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J Exp Zool B Mol Dev Evol. 2017 Jan;328(1-2):179-192. doi: 10.1002/jez.b.22708. Epub 2016 Oct 26.

An Epigenetic Perspective on the Midwife Toad Experiments of Paul Kammerer (1880-1926).

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Laboratorio de Ontogenia y Filogenia, Departamento de Biología, Facultad de Ciencias Universidad de Chile, Las Palmeras, Ñuñoa, Santiago.
Chair of Zoology, TUM School of Life Sciences Weihenstephan, Technical University of Munich, Freising, Germany.
Avian Behavioural Genomics and Physiology Group, IFM Biology, Linköping University, Linköping, Sweden.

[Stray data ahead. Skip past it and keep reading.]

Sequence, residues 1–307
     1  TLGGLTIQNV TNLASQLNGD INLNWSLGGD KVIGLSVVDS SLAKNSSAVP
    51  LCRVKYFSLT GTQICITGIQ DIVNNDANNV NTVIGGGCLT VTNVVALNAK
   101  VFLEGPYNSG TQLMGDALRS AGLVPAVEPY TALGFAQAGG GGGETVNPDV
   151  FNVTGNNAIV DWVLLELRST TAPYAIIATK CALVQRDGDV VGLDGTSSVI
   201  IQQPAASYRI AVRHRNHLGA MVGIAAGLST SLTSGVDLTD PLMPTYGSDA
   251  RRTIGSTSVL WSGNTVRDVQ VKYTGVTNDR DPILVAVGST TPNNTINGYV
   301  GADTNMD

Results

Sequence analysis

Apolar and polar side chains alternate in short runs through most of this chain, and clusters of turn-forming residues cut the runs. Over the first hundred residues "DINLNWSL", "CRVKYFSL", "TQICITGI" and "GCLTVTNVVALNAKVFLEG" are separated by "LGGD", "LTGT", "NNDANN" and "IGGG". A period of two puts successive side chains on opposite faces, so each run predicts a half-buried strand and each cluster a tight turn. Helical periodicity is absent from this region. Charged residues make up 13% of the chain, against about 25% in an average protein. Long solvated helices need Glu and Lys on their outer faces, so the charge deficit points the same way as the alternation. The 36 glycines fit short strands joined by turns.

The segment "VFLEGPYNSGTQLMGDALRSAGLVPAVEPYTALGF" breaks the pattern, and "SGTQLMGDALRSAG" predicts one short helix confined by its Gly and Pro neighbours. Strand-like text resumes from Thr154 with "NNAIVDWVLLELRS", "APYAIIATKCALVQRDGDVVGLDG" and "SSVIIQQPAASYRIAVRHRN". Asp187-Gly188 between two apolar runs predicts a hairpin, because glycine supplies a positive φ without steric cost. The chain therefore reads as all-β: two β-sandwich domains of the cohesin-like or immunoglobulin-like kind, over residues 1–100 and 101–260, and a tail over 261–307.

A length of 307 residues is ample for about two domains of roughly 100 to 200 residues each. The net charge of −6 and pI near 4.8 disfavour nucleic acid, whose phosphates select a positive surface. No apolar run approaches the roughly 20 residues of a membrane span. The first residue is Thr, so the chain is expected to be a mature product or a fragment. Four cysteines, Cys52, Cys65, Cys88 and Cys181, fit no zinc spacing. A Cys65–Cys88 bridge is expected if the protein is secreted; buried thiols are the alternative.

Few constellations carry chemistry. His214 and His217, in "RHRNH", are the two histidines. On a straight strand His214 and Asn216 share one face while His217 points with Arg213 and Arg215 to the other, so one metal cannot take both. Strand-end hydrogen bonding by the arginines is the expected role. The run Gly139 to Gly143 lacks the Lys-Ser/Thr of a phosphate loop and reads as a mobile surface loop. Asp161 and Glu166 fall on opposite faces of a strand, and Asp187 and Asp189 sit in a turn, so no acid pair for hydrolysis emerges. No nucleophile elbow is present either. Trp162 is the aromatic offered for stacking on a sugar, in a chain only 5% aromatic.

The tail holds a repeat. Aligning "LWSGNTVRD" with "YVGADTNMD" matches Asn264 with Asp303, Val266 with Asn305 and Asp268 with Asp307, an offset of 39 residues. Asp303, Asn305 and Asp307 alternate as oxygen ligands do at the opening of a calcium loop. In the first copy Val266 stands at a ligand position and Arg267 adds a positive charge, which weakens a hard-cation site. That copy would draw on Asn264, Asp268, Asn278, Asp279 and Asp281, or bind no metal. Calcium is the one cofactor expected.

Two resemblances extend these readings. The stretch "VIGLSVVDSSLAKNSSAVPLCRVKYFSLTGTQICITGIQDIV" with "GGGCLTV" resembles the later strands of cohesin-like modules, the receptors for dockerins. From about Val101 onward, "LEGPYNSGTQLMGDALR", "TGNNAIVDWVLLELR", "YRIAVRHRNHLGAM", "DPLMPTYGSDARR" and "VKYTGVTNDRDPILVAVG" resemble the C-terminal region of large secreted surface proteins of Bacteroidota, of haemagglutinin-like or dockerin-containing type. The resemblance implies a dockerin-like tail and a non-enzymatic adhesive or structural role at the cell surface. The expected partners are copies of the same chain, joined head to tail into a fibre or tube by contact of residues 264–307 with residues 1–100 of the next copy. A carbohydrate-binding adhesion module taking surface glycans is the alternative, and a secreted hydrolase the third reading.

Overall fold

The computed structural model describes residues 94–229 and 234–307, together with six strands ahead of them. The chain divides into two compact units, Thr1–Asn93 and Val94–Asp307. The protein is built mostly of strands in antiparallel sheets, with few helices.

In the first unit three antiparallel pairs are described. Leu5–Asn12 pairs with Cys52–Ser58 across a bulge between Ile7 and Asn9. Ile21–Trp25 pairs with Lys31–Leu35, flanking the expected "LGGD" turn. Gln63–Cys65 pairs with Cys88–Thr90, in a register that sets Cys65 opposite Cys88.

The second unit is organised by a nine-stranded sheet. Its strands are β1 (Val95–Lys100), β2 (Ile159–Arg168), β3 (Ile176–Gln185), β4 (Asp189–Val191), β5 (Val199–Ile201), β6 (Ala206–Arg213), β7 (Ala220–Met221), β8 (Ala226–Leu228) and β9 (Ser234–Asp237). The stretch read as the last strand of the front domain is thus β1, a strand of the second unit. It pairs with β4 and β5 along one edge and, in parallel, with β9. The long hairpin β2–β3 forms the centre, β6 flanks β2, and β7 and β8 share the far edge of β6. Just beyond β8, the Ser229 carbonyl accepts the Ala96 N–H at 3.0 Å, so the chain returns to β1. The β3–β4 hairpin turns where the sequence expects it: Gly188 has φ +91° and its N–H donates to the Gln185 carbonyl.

Paul Kammerer was the most outstanding neo-Lamarckian experimentalist of the early 20th century. He reported spectacular results in the midwife toad, including crosses of environmentally modified toads with normal toads, where acquired traits were inherited in Mendelian fashion. Accusations of fraud generated a great scandal, ending with Kammerer's suicide. Controversy reignited in the 1970s, when journalist Arthur Koestler argued against these accusations. Since then, others have argued that Kammerer's results, even if real, were not groundbreaking and could be explained by somatic plasticity, inadvertent selection, or conventional genetics. More recently, epigenetics has uncovered mechanisms by which inheritance can respond directly to environmental change, inviting a reanalysis of Kammerer's descriptions. Previous arguments for mere somatic plasticity have ignored the description of experiments showing heritable germ line modification. Alleged inadvertent selection associated with egg mortality can be discarded, since mortality decreased in a single generation, upon repeated exposures. The challenging implications did not escape the attention of Kammerer's noted contemporary, William Bateson, but he reacted with disbelief, thus encouraging fraud accusations. Nowadays, formerly puzzling phenomena can be explained by epigenetic mechanisms. Importantly, Kammerer described parent-of-origin effects, an effect of parental sex on dominance. Epigenetic mechanisms underlie these effects in genomic imprinting and experiments of transgenerational epigenetic inheritance. In the early 20th century, researchers had no reason to link them with the inheritance of acquired traits. Thus, the parent-of-origin effects in Kammerer's experiments specifically suggest authenticity. Ultimate proof should come from renewed experimentation. To encourage further research, we present a model of possible epigenetic mechanisms.

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